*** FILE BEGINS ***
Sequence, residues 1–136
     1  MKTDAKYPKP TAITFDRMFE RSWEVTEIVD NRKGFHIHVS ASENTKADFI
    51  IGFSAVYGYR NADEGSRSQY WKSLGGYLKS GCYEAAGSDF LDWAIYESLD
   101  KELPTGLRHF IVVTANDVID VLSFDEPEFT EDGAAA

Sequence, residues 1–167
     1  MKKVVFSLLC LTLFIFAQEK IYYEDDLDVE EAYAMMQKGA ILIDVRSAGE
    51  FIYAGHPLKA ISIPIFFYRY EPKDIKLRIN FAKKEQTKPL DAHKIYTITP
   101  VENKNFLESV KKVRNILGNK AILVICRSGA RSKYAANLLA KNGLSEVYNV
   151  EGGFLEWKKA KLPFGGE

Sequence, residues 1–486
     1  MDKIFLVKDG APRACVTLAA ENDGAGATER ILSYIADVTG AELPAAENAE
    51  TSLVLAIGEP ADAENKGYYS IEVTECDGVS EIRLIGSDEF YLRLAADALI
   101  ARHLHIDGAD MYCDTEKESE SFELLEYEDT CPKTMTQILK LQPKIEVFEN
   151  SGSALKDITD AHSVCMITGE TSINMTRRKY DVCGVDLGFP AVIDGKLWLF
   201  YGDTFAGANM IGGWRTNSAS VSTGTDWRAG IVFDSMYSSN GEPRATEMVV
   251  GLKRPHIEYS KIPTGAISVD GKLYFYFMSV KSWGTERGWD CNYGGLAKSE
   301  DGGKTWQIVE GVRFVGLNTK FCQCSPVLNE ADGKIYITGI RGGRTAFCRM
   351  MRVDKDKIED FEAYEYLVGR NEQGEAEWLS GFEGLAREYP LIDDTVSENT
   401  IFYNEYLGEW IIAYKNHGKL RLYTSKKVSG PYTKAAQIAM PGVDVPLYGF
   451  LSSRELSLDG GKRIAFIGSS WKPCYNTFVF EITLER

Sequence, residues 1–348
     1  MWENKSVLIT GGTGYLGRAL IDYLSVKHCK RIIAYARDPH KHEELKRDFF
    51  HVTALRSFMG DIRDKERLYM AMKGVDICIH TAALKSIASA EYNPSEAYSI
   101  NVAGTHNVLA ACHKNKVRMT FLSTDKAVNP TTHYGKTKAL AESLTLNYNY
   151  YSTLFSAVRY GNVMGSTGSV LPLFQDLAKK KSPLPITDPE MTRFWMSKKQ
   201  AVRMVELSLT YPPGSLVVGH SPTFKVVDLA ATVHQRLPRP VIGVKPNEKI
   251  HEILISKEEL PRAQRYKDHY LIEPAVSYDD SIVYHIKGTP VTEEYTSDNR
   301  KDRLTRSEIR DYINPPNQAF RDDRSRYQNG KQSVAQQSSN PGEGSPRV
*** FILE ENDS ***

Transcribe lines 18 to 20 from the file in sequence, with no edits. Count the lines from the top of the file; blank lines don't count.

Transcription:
   351  MRVDKDKIED FEAYEYLVGR NEQGEAEWLS GFEGLAREYP LIDDTVSENT
   401  IFYNEYLGEW IIAYKNHGKL RLYTSKKVSG PYTKAAQIAM PGVDVPLYGF
   451  LSSRELSLDG GKRIAFIGSS WKPCYNTFVF EITLER